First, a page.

December 14, 2017 at 8:43 a.m.

    Before the sex related stories and immediately after the Republican primary (where mainstream R's endorsed and campaigned for Sen. Luther Strange) one of the talking heads said "They may have nominated the only man in AL that could lose to a Democrat".

  • Foghorn
    December 14, 2017 at 8:48 a.m.

    I think many of us are reading way too much into the very narrow win over Moore. There was no sea change in AL. There is no sea change in America going into 2018. It’s an illusion, and potentially dangerous DElusion. There’s an excellent article in today’s NYT by Bret Stephens which I encourage all to read. Anyone still celebrating Tuesday’s win needs to have some strong coffee and sober up. There’s a lot of work still to be done.

  • PopMom
    December 14, 2017 at 9:15 a.m.

    Doubleblind,

    There is much work that needs to be done, but I believe that the American people will rise up and do it. What happened in Alabama is that many young people, blacks (especially women), and women with young children took matters into their own hands and got out and vote. I also concur with what Lohr said. People will not get really riled up until the Republicans try to mess with Medicare, Medicaid, and Social Security in January. If they get this tax bill passed, we also are going to look at massive debt and tax increases. It is ironic that the Democrats are going to have to be the party of financial responsibility. The Republicans have sold their souls to the extremely wealthy.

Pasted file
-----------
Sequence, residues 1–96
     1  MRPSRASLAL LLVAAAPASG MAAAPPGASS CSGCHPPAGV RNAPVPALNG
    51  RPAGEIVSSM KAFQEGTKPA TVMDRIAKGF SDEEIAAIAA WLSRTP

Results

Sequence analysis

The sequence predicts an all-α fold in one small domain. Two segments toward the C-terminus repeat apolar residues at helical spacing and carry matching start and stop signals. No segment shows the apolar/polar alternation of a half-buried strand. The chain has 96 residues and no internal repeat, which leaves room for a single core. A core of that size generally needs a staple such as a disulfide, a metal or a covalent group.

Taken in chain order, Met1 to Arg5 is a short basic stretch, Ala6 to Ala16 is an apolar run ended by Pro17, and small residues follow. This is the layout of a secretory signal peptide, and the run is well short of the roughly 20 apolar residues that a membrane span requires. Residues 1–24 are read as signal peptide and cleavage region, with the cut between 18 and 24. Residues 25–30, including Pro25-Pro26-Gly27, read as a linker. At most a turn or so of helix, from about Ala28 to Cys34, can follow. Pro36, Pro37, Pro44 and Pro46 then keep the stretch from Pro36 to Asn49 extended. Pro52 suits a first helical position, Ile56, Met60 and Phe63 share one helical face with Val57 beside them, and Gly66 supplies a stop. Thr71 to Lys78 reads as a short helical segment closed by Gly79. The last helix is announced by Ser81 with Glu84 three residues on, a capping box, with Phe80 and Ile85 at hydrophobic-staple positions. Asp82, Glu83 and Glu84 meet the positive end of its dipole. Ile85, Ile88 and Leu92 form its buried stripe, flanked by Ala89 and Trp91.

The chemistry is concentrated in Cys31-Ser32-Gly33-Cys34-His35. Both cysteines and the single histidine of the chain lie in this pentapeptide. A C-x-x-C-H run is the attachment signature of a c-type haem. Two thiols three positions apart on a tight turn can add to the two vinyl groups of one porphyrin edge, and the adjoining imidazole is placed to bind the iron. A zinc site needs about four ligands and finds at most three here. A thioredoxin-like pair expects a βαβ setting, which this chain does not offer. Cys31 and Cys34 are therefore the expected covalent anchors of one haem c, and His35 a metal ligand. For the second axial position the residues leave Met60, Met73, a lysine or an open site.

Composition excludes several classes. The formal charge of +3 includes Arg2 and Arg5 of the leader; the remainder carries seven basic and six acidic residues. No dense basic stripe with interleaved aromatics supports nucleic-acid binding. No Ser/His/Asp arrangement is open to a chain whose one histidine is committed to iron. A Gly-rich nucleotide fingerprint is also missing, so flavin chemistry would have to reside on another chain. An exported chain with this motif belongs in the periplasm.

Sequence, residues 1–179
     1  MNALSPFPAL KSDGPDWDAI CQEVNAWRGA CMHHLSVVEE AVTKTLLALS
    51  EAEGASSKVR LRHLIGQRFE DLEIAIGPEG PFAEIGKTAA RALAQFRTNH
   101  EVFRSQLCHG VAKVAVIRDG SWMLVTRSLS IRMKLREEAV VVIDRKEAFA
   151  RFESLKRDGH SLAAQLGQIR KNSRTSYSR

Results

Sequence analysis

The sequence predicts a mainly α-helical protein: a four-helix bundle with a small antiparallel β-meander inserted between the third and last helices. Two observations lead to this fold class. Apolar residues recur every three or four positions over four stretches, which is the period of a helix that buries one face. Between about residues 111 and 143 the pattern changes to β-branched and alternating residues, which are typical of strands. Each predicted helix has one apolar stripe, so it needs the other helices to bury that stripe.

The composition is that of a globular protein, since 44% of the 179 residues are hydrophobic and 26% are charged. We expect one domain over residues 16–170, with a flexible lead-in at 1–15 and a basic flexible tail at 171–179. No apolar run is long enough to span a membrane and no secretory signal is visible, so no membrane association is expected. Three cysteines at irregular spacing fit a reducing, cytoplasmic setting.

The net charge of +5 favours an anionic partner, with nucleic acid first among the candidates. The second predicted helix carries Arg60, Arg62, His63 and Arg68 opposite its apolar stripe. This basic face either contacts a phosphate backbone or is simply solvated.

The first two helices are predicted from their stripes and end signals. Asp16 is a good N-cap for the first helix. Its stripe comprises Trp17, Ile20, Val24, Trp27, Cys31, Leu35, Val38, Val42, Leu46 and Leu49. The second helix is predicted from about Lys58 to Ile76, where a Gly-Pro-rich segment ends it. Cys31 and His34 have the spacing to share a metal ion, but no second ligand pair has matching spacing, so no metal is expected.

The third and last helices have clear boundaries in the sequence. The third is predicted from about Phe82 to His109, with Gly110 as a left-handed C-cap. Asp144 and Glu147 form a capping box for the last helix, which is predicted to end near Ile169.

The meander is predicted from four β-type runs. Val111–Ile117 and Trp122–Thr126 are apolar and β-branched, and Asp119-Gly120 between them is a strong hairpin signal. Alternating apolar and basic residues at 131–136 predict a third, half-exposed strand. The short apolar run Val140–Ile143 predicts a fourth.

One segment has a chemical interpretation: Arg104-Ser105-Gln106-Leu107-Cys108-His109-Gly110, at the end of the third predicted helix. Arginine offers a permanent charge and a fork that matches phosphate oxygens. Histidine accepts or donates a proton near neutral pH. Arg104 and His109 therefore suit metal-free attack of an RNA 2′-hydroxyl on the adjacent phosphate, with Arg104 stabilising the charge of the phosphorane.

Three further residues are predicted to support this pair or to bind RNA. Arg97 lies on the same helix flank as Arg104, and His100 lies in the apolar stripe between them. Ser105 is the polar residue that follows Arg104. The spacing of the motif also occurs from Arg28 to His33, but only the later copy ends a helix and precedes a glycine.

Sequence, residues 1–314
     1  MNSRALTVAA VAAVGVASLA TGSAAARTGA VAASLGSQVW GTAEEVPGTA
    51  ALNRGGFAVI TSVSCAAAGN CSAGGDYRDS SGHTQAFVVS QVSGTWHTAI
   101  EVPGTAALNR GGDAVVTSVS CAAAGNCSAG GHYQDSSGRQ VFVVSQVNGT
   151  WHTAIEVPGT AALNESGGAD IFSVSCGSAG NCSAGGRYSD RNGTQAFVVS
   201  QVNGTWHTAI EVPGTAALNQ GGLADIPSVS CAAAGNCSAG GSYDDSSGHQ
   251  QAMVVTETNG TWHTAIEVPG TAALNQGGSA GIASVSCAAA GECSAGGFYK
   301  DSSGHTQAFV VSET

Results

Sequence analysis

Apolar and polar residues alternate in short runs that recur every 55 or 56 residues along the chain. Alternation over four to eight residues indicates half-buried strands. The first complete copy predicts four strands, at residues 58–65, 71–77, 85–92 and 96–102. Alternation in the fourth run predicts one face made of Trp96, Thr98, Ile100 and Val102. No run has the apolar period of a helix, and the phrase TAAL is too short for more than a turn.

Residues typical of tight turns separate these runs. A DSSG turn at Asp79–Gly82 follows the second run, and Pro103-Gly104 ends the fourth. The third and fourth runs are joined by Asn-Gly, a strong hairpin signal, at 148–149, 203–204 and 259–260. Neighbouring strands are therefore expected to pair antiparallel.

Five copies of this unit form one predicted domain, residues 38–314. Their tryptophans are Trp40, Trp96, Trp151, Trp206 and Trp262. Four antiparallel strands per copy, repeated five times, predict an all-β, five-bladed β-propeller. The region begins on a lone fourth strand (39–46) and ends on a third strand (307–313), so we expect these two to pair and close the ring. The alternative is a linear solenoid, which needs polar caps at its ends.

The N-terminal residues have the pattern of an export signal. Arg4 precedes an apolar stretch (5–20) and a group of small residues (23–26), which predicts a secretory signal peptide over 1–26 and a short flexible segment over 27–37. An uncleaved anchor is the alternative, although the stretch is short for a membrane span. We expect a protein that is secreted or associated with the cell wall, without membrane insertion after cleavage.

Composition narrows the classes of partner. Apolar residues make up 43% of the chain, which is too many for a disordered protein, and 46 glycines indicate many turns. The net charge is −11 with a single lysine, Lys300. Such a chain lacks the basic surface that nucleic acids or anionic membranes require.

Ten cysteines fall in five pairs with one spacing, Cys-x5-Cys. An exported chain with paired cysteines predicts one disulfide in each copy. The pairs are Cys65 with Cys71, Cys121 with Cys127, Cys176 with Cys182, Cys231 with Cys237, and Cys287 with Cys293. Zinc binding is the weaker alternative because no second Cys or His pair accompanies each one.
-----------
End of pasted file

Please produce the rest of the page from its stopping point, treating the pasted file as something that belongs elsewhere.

• conwaykram
    December 14, 2017 at 9:25 a.m.

    Still, there are 650,000 people in Alabama that, sadly, voted for Roy Moore,and could stomach his crazy hateful ideas, or bought in to the poisonous Kool Aid of Bannon. Hard to imagine.

  • MaxCady
    December 14, 2017 at 9:59 a.m.

    There's more bible thumpers in Bama than Arkansas!

  • BirdDogsRock
    December 14, 2017 at 10:44 a.m.

    Conway, I hear what you are saying, and as a native Alabamian I couldn't be more disgusted. But I also wonder what percentage of Arkansans would have voted for Roy Moore under similar circumstances? I bet Roy would be very competitive here in Arkansas.

  • Packman
    December 14, 2017 at 11:05 a.m.

    Hey DoubleBlind - Stop it. Please, just stop. It's best for America if libs misread the Alabama election results and stick to their habit of opposing tax cuts, supporting abortion on demand, trying to repeal the 2nd Amendment, and accepting cash from Hollywood rapists.
    .
    My contacts in Montgomery predicted a Jones win, but thought it would be by a larger margin. Their bubble was urban voters and they miscalculated the low turnout in rural Alabama. Which is a tribute to rural voters. They showed proper disdain for tribalism and affirmed independent thought. Alabama voters are to be commended. Especially in two short years when they replace Jones with someone more in line with Alabama values (God, Guns, and Babies In The Womb).